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The Aeroplanes asked the question "Hey! Where's the Jol?" The answer quite simply is "It's at the Walkabout in Shepherd's Bush, London". A stones throw away from the Shepherd's Bush Empire where not so long ago us ex-pats were treated to a huge helping of SA rock in the form of the Amabala concert. Tonight (23 January) was another treat and all I can say to whoever is organising these events... more of the same please.

Dwarfed by a huge painting of an All Black Rugby Player at the side of the stage, sat Koos Kombuis on a stoel with his kitar, a book of songs and a few bottles (of Tassies?). Dwarfed in size maybe, but not in stature for all eyes were on him, all ears tuned to his simplistic yet compelling mix folk rock. The might of the Bokke would not scare that All Black as much as noise this crowd made for Koos.

The audience was an interesting mix of Engelsmense and Afrikaans people, people in suits, people in denims, people with long hair, people with no hair, tall people, short people, female people, male people, affluent and effluent or just under the influence. Yet all were there for one thing, and that was to have a jol with Koos, a reflection of the wide appeal of his music.

The man himself looked relaxed, paging through his book of songs and deciding what to sing next. He seemed to be really enjoying himself. Sometimes he gave in to the chants from the audience and played 'AWB Tiete' following the chant of "AWB! AWB!" from the audience. Favourite songs were met with rapturous applause and songs like 'Lisa se Klavier' were sang with so much feeling and vigour that Koos needed hardly to sing himself. This in contrast with the music played during the interval where songs like 'Bohemian Rhapsody' by Queen and Bon Jovi's 'Living on a Prayer' hardly raised a murmur from the crowd.

The interval was longer than expected, but the crowd waited patiently, occasionally breaking out into a chorus of "Koos! Koos!". The man eventually re-appeared and other than a change of headgear from a bandana to a vel hat, it was business as usual.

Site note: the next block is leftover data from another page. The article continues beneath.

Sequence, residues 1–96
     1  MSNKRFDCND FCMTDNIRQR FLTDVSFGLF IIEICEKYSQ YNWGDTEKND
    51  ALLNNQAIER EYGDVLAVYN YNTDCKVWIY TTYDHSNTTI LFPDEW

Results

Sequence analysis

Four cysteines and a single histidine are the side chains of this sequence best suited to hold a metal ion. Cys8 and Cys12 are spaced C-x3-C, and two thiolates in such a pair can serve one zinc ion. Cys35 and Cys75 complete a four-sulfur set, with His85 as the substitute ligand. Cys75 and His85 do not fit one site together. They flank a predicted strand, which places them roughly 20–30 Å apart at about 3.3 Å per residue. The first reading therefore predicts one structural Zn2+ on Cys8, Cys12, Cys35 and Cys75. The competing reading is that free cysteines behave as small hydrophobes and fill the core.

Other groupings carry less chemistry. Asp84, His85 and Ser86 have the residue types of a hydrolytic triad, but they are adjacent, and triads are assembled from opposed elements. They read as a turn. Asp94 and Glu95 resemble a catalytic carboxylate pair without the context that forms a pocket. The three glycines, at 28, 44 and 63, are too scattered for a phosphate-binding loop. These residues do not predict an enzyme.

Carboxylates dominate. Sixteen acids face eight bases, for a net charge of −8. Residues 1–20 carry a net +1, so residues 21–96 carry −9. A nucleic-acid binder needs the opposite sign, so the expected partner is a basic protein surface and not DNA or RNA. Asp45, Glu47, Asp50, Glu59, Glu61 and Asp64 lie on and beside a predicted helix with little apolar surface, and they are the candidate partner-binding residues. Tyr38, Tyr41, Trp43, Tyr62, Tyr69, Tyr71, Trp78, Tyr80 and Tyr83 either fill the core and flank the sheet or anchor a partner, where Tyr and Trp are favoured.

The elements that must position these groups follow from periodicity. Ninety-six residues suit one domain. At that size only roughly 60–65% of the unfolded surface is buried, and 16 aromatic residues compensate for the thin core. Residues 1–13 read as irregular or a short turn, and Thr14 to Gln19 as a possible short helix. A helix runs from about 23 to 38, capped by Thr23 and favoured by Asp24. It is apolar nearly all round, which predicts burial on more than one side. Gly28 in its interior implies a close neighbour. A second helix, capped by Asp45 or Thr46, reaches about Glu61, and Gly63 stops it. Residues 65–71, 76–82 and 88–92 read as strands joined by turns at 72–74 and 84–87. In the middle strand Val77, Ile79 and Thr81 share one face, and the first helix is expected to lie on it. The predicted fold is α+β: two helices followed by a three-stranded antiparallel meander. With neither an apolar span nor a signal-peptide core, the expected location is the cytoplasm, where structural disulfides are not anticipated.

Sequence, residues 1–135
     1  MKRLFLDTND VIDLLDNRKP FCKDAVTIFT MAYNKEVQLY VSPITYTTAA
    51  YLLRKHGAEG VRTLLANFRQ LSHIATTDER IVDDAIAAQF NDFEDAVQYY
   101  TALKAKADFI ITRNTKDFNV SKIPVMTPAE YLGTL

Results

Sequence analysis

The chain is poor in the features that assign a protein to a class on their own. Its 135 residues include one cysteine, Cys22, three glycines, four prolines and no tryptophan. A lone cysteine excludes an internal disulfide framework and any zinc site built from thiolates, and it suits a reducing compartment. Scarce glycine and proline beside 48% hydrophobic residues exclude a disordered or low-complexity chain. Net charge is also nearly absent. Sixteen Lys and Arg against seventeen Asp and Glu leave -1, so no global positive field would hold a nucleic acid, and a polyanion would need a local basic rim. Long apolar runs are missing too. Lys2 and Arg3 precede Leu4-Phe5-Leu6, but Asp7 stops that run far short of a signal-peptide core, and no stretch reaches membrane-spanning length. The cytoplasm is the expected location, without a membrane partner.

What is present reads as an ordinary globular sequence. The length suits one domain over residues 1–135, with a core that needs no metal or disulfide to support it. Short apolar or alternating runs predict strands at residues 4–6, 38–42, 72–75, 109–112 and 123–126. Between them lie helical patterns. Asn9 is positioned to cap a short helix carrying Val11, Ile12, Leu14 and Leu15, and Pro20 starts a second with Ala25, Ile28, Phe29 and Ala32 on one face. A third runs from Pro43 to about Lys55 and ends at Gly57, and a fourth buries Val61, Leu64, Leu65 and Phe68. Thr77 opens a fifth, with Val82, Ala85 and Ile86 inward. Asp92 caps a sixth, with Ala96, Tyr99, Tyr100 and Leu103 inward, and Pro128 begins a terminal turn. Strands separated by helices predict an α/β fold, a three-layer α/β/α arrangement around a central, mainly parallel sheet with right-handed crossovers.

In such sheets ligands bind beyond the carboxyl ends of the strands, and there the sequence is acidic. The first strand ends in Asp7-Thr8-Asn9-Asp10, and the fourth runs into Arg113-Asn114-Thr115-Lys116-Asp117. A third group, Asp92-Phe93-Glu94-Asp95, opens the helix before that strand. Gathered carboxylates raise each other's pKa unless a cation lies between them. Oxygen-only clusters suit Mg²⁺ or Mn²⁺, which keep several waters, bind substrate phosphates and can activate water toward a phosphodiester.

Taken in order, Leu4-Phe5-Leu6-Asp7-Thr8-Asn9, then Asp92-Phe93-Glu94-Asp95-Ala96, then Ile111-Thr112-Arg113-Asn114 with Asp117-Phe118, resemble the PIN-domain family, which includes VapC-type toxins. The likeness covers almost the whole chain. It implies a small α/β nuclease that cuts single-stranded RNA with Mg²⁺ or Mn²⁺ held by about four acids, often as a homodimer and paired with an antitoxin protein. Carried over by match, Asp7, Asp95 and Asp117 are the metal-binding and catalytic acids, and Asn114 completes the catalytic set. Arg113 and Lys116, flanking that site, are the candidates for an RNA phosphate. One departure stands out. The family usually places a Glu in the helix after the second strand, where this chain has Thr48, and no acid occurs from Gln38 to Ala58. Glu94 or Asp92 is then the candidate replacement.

And as we made our way to the tube to go home, I couldn't help feeling that this was one concert about which I will one day be able to stand up and say with pride "Ek was daar" (I was there).

Koos Kombuis at the Walkabout 26 June, 2001

Summer has finally made it to London. And when it gets hot in London it gets HOT! The old saying goes, if you can't stand the heat, stay out of the kitchen. Well I guess there were a lot of South Africans in London tonight who were up for the heat, because they flocked to see the Kombuis.

The anticipation of the crowd was almost tangible, but they waited patiently through the support act and even gave the 2 ou's whose names I unfortunately did not catch, a fair bit of support, but it was obvious from the roof raising cheer that went up as he walked on stage that the crowd had some to see President Bandana.

But they had more than come to see him, they came to sing along. They knew the choons, they shouted for their favourites and they raised the roof again and again with their heartfelt backing vocals. I do think that the irony of singing "en die hele węreld word stil, en luister in die donker uur" at the top of one's voice was lost on most of those showing early symptoms of inebriation, but hey it was Koos and 'Lisa se Klavier' is almost his theme tune (not to mention a damn fine song). This gem closed off the first set.

Returning as President Hendrik Velhoed, we were treated to the desserts from the kitchen. His ode to Stellenbosch done to the tune of Scaffold's 'Lily the Pink', the hilarious, yet poignant 'AWB Tiete' and to round things off he bowed to the pressure of the crowd and played 'Johnny' (although he had promised it to us earlier).

He certainly seemed more relaxed this time than his previous show and was more than amused by the London Mass Karaoke Choir that had invaded the Walkabout.

Jona Lewie had a hit in the early eighties called 'You will always find me in the Kitchen at Parties' after tonight I guess we can safely change that to 'You will always find where there's a kitchen there's a party.'

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